ESPN producers also share responsibility for Sam shower story

Richard Deitsch of did a nice breakdown this morning on the issues with Josina Anderson’s shower story involving Michael Sam.

While Anderson took the brunt of the fallout, Deitsch’s post is a reminder that these reports don’t happen in a vacuum at large news organizations like ESPN. It is a process that involves producers, editors, and even the director of the news operation.

The direction of Anderson’s story could have been stopped or altered along the way.

Deitsch writes:

Also, Anderson was not solely responsible for the piece making air. If she followed protocol, which it appears she did, she would have had to have been in contact with multiple producers in Bristol as well as ESPN’s news desk for a review of whatever content she had. Given this was sensitive information, multiple people had to green-light the report.

Later, Deitsch wrote:

Furthermore, Anderson was hurt by the decision by SportsCenter producers to run the piece live instead of taped, especially given the nature of the reporting. One ESPN source said someone in production should have saved the reporter from a difficult live segment that needed more than 120 seconds. ESPN’s initial response and subsequent backtracking didn’t help Anderson either. The network initially justified the report by saying it was in response to recent questions about Sam fitting in with the Rams, but no players, coaches or league officials publicly were asking about the impact of Sam’s showering habits on the Rams. The intro to her report starts with Sam’s chances of making the team before transitioning into an ESPN-driven question on how he was fitting in. Once Rams defensive lineman Chris Long called out ESPN on Twitter and the heat started coming, the network switched course and apologized.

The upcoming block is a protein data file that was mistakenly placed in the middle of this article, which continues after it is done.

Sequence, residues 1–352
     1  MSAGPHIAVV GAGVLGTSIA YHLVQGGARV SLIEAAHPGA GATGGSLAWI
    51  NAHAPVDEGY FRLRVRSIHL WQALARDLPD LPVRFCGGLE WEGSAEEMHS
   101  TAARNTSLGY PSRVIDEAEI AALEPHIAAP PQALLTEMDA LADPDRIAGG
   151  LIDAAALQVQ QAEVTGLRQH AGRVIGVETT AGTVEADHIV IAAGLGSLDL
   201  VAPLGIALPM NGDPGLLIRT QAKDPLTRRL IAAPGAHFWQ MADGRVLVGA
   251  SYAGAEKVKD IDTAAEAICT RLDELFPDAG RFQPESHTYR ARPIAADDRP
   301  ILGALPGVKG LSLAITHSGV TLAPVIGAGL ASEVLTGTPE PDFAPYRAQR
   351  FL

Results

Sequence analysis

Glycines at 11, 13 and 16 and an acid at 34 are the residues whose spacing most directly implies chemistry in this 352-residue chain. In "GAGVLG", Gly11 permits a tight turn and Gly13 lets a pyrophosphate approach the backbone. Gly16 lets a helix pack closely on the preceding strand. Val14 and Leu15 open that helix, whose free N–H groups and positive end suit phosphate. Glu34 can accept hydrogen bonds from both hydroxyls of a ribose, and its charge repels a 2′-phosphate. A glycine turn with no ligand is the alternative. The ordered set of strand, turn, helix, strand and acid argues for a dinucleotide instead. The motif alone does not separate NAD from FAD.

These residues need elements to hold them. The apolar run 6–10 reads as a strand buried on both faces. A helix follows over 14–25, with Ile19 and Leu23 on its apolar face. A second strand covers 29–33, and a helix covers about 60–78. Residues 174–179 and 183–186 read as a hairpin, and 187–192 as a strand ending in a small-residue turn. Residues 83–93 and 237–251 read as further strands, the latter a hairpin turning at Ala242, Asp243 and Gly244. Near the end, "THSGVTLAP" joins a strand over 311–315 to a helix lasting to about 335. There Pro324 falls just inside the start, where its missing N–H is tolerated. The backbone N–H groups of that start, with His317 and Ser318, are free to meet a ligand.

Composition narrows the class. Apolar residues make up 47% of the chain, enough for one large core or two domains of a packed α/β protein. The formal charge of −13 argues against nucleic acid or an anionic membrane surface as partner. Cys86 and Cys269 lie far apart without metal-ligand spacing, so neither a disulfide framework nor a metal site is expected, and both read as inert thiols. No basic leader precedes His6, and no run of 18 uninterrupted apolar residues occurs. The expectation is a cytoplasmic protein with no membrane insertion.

Deitsch also slams ESPN for not making Anderson available to talk about her reporting for the story. Maybe it is me, but I find it extremely hypocritical when news-gathering organizations, who depend on access from players, coaches and executives, turn around and deny the same when it comes to their people.

Deitsch writes:

ESPN did Anderson no favors by declining to make her available. An explanation of the reporting process would have, if nothing else, helped her with reasonable people interested in how something like this makes air. It might have also reduced some of the social media vitriol she’s had to deal with last week. It was a missed opportunity for clarity in exchange for attempting to jettison the story.


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